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Photo: Scott Olson/Getty Images

Alden Global Capital, a hedge fund known for cutting journalists at local papers to maximize profits, is buying out the remainder of Tribune Publishing, the parent company to the Chicago Tribune, New York Daily News and other local papers.

Driving the news: With the sale, the two companies also announced that The Baltimore Sun would be acquired by a nonprofit backed by a Maryland-based hotel billionaire.

Why it matters: The deal creates one of the largest local publishing giants in America. Alden already owns hundreds of papers through its majority ownership of MNG (MediaNews Group) Enterprises, known commonly as Digital First Media, which controls papers like the Denver Post and the Boston Herald.

Details: The deal gives Alden 68% of the shares it doesn't already own in the Tribune for roughly $431 million, per The Chicago Tribune — valuing the full company at $630 million.

  • The share price from the merger is up slightly from when the two companies began negotiating last year, with interest in the takeover likely giving it a boost.
  • As a part of the agreement, Alden agreed to sell the Baltimore Sun, The Capital Gazette in Annapolis, and a few other smaller papers, to a nonprofit called the Sunlight for All Institute, a public charity formed by Stewart Bainum Jr., a former Maryland politician and hotel magnate.

Yes, but: Given Alden's history, a takeover is expected to lead to a restructuring that could result in more local news jobs being cut.

  • Tribune newsrooms have been bracing for this moment. Buyouts were offered to Chicago Tribune and Orlando Sentinel journalists in early January of last year, following Alden's increased stake in Tribune in 2019, as Axios reported.

Be smart: The full takeover has been a long time coming.

  • Alden initially took a 25% stake in Tribune in late 2019 from Tribune's largest shareholder Michael Ferro in 2019. It later disclosed a bigger, 32%, stake.
  • It increased its footprint at Tribune in recent months, negotiating for a third seat on Tribune's seven-person board.
  • The negotiation for that board seat meant that Alden had to extend a deal that prevented the hedge fund from increasing its stake in the company, unless there was interest from an outside bidder, until 2021.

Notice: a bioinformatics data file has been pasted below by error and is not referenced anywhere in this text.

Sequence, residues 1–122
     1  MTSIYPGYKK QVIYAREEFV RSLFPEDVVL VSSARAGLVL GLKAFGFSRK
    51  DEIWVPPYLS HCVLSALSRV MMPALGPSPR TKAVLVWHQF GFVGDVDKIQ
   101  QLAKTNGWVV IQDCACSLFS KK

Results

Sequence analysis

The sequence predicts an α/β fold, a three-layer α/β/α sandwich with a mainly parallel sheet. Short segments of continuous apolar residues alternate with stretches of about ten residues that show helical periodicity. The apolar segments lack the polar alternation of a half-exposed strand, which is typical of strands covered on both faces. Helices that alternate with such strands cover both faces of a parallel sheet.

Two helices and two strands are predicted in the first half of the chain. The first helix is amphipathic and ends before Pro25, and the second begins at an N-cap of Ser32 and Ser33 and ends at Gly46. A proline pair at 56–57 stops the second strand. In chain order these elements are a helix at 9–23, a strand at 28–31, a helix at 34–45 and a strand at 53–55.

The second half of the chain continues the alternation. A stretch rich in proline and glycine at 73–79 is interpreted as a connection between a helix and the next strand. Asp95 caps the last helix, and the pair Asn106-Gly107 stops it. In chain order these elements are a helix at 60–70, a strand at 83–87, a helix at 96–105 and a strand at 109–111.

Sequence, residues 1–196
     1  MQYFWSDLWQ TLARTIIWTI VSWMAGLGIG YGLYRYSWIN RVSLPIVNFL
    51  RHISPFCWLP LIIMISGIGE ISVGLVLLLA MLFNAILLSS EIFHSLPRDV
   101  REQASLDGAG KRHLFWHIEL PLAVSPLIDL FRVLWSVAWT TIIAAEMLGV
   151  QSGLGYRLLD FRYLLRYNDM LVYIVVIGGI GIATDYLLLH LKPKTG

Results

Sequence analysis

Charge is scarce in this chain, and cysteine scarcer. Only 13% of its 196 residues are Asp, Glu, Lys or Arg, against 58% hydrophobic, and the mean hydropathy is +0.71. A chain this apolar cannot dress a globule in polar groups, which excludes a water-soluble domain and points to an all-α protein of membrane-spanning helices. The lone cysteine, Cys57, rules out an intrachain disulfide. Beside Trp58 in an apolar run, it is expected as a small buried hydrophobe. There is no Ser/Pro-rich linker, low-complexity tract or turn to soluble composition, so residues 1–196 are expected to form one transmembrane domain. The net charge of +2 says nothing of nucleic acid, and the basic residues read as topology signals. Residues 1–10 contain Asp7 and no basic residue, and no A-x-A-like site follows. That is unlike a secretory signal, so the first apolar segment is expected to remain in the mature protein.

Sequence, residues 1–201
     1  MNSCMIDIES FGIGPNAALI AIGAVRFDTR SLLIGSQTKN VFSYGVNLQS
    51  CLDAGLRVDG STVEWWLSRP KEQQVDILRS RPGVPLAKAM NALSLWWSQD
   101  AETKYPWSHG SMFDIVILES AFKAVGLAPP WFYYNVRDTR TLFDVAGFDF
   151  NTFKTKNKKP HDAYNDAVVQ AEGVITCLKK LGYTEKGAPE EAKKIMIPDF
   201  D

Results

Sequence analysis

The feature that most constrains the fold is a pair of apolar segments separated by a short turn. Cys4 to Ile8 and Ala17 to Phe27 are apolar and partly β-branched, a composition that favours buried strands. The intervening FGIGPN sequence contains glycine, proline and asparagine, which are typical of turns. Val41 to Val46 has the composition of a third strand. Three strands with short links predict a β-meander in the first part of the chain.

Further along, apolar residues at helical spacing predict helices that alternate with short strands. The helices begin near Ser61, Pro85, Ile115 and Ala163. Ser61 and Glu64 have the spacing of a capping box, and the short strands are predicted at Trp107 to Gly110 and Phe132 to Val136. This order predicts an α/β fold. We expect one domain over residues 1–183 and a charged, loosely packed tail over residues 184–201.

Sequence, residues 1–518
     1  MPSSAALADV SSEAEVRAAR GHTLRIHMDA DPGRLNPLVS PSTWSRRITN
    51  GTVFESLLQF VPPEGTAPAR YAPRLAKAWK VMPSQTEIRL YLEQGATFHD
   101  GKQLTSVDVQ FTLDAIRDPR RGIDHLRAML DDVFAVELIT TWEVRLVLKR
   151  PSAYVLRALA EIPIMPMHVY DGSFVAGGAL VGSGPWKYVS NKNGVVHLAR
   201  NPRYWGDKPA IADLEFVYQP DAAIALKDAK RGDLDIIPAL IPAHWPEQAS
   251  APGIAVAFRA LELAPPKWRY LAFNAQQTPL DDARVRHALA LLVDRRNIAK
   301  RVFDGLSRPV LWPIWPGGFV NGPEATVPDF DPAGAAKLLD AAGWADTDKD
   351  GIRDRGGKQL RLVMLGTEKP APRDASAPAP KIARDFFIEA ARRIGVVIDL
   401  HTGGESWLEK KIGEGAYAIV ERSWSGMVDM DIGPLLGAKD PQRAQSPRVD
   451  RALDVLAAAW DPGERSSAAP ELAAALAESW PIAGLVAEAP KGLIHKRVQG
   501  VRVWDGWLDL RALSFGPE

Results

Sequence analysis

• Tribune has been pushing to offload assets, primarily real estate, to survive the financial headwinds driven by the pandemic.

The big picture: The Tribune takeover is the latest example of a storied local news company being gobbled up by a hedge fund amid a bleak time for local news.

  • Tribune rival McClatchy, home to papers like the Miami Herald and The Sacramento Bee, was bought by a hedge fund last year as a result of a bankruptcy auction.
  • A study released in 2018 by the University of North Carolina found that newspaper sales, closures and mergers via the seven largest paper investment owners have increased over the past five years. As Axios has previously noted, hedge funds or private equity groups based in big cities are typically responsible for the takeovers.
  • Alden tried to buy out local media company Gannett in 2019, but failed, leaving the parent company to USA Today to merge with rival newspaper giant Gatehouse.

What to watch: The deal, which still requires shareholder approval, is expected to close in Q2 of this year. One of the Tribune's largest shareholders, who has said little publicly about the takeover bid is Patrick Soon-Shiong, who purchased the Los Angeles Times and the San Diego Union-Tribune from Tribune in 2018 for $500 million.

Go deeper:

Go deeper

Feb 16, 2021 - Economy & Business

Exclusive: Gannett, McClatchy team up to sell ads

Illustration: Eniola Odetunde/Axios

Two of the country's biggest local news companies are joining forces to sell national ads to their combined reach of over 300 local communities.

Why it matters: There aren't many great options for Fortune 500 companies to buy ads at the local level without having to transact with hundreds of different outlets individually. This partnership aims to address that problem.

Mike Allen, author of AM
36 mins ago - Politics & Policy

Biden adviser Cedric Richmond sees first-term progress on reparations

Illustration: "Axios on HBO"

White House senior adviser Cedric Richmond told "Axios on HBO" that it's "doable" for President Biden to make first-term progress on breaking down barriers for people of color, while Congress studies reparations for slavery.

Why it matters: Biden said on the campaign trail that he supports creation of a commission to study and develop proposals for reparations — direct payments for African-Americans.

Cyber CEO: Next war will hit regular Americans online

Any future real-world conflict between the United States and an adversary like China or Russia will have direct impacts on regular Americans because of the risk of cyber attack, Kevin Mandia, CEO of cybersecurity company FireEye, tells "Axios on HBO."

What they're saying: "The next conflict where the gloves come off in cyber, the American citizen will be dragged into it, whether they want to be or not. Period."